Wednesday, January 26, 2011

Playwright to Playwright: Mishelle Apalategui (2 of 3)

The characters in your plays seem to be driven by an overwhelming need to confess! They confess their love. Their disgust. Their rage against the unfairness of the world. They seem to hold nothing back. These confessions seem to fall on deaf ears. One confesses while the other rejects. Can you talk about your characters need for full discloser and confession?

I grew up in a really big family. The eldest of 6, plus mom, dad, g-ma and all the neighborhood kids were vying for not only all the bathrooms at once, but for all the attention as well.  The part of me that begin to grow from living in that situation was one that was absolutely terrified of being completely exposed. I developed a habit of secrecy at a young age. I spent lots of time creating, dissecting and then hiding my thoughts. But, I wasn’t reclusive, the exact opposite! I’ve always been very affable and social and rarely shy…because I figured out what to keep inside of me in order to feel absolutely comfortable in every situation. I did a lot of confessing to adults as a child and felt like my big emotions, my big thoughts were dismissed because they figured there was no way someone so small could have feelings so big. That’s a through line in my life and thus, in my writing-that the way my emotional brain works is too big for my physical britches. So, in a way, maybe my characters having an unquenchable thirst for confession is a funnel through which I feed my desire to confess myself, which really all comes down to a simple readjustment of what they call a Napoleon Complex. Once my friends, then my little brothers, then my friend’s little brothers got bigger and taller than me-I realized I could no longer be noticed eye to eye, so I had to use something else to get everyone’s attention. I chose my words. Anyone can be rambunctious and loud and tap dance on top of the big oak coffee table to the theme from Get Smart but there’s a real respect for someone who can affect you with words and little else.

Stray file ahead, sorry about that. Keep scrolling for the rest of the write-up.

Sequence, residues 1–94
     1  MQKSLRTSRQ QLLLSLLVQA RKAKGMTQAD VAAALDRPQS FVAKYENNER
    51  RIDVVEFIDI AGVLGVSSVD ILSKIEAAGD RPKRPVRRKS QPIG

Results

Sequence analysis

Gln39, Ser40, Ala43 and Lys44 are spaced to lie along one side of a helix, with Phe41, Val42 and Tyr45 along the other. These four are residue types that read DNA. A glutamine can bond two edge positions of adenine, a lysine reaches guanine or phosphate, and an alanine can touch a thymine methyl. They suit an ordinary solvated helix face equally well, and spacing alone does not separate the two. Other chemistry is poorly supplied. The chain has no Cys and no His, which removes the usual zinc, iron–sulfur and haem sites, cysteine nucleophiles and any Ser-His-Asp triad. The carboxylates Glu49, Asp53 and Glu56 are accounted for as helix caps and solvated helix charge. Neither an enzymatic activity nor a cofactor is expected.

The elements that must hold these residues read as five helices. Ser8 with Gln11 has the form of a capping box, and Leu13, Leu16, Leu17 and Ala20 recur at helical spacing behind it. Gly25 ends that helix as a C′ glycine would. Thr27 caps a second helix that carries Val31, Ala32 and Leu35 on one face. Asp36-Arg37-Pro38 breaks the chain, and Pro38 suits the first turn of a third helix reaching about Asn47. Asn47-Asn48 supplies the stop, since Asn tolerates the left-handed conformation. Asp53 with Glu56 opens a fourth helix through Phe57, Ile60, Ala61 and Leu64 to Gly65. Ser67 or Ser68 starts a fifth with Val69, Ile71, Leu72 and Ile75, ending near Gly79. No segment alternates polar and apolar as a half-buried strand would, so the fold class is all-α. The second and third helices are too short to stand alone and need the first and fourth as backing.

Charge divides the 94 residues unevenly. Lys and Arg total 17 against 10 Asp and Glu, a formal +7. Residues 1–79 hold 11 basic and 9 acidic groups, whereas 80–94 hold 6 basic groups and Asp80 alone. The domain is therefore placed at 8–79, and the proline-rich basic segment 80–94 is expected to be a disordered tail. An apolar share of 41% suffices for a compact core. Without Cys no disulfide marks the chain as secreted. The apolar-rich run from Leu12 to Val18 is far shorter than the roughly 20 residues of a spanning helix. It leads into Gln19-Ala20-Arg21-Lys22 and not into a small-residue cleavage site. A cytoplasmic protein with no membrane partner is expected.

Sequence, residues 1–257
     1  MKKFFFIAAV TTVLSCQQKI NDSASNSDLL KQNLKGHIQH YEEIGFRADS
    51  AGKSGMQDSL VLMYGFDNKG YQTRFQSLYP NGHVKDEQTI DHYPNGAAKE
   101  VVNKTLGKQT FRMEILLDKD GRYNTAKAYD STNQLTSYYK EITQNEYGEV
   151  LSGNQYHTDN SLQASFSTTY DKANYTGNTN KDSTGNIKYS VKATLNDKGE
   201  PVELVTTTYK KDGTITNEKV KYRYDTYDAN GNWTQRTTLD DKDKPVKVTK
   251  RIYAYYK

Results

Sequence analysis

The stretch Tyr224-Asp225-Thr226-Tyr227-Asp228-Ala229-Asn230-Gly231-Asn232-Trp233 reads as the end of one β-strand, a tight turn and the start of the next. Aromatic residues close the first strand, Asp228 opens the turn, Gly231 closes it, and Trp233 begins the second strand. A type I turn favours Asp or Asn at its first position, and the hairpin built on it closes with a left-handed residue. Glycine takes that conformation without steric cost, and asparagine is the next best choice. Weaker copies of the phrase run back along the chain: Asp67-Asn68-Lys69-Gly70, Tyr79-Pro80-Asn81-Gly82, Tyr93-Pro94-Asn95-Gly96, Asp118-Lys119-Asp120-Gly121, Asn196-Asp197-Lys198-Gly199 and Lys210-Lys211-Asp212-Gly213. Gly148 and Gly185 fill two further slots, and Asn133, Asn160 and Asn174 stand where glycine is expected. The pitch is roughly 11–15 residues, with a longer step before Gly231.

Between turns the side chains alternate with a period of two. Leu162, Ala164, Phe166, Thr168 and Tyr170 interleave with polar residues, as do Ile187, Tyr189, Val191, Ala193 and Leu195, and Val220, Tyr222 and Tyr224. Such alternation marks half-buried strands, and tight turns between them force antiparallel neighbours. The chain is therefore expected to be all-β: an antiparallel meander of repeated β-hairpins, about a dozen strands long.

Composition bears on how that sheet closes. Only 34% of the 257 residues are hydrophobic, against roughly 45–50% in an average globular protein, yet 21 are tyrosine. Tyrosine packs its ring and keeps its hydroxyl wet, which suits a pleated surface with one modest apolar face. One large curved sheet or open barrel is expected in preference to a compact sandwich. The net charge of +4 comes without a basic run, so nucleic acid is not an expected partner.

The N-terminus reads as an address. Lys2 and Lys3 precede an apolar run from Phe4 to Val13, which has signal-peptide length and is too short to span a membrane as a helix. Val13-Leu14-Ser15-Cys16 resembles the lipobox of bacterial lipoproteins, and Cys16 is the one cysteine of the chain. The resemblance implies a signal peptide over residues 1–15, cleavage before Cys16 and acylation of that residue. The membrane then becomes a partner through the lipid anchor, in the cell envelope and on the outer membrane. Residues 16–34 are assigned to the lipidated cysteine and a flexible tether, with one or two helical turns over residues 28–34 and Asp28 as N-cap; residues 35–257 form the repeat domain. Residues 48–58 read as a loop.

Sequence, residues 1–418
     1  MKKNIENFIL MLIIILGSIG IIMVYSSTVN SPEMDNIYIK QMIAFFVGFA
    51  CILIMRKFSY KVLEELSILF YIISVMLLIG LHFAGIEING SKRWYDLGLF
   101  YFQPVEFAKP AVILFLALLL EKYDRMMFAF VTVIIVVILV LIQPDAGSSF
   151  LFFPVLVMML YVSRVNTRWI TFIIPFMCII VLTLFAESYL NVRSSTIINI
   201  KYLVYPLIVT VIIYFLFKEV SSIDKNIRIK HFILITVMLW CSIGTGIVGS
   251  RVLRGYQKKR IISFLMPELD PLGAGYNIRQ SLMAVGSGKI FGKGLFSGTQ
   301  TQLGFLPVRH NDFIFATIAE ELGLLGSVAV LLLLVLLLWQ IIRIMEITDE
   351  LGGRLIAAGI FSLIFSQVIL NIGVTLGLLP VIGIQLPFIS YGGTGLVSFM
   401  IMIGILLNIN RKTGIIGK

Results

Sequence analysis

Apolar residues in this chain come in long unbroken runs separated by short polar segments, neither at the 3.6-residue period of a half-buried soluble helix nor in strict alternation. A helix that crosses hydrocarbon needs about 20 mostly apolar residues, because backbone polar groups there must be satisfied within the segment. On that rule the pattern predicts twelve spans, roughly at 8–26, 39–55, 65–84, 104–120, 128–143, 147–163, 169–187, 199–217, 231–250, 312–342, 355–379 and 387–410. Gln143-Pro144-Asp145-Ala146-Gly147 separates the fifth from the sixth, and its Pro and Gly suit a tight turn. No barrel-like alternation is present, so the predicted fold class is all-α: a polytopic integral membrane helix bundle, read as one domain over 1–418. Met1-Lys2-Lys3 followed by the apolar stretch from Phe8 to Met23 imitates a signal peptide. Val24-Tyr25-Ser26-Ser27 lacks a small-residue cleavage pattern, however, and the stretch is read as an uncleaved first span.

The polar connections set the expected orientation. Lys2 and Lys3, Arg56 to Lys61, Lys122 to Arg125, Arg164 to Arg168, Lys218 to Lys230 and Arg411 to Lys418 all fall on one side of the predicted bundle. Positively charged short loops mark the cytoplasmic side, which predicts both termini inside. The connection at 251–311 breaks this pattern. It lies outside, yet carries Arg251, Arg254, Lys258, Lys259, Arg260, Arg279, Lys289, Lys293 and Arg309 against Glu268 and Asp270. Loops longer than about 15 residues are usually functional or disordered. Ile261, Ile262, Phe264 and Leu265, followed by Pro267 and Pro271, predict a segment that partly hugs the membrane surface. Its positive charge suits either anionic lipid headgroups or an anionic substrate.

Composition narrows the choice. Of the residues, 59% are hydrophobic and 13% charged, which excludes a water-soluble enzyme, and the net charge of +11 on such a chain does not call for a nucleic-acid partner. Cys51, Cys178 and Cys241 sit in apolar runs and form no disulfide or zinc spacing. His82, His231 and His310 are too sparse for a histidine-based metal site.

God, I’m such a rambler, basically, I find it incredibly hard to confess. And (as you can see) to get to the point. I wish I could. So, they do it for me. Plus, it’s dramatic! Who wants to hear 45 minutes of subtext out of 60 on stage? I don’t. I want to set up relationships then break them down and from my experience, relationships between people only move forward if the parties involved confess their inner thoughts and desires to one another. Or else, all there is is stagnancy. There’s no drama in keeping things back except for the person who’s keeping the information. The drama, the catharsis, the explosion, comes from reaction. Relatable action is in the reaction. Think about the silent movie players, Chaplin wasn’t funny because he made stupid decisions in stressful situations, he was funny because the people around him saw him make those mistakes and perceived him a tramp. What would he do if there was no audience? What do I do when I think no one is watching? Interesting stuff, for sure, but how would anyone be able to decipher it?

Where are you in your work?

I use a lot of people I know in my plays. Not verbatim. I’ve realized that what I do at this juncture is take people who affect me, pull out one or two of their biggest emotional/social characteristics-name them something that I feel represents these attributes and build out the character from there. Usually everything I stuff them with is from me. So I guess I’m always there in every scene, just never fully intact. Oh! I also like to write to try and predict the future. It’s actually been successful more than once. More than three times to be vaguely exact.

Are your confessing to us in your plays?

Constantly. But I’ll never make it obvious, sometimes its a big confession, and out of something like guilt or fear, other’s it’s just out of my personal confusion and the need to solve something I can’t let go of. There are little confessions all over the place in my plays but it’s not for you to find, it’s for me to release and revel in. I do believe though, that they will affect anyone who absorbs them consciously or sub-so. I do hope as well, that I will stimulate people to confess themselves, right there in their seats. Even if it's just to themselves, there's always something that needs to be let go of in the dark.

- to be continued

 Giau Truong directs Natalie Breitmeyer & Emily Tate in Mishelle Apalategui's "Downward Facing"

No comments:

Post a Comment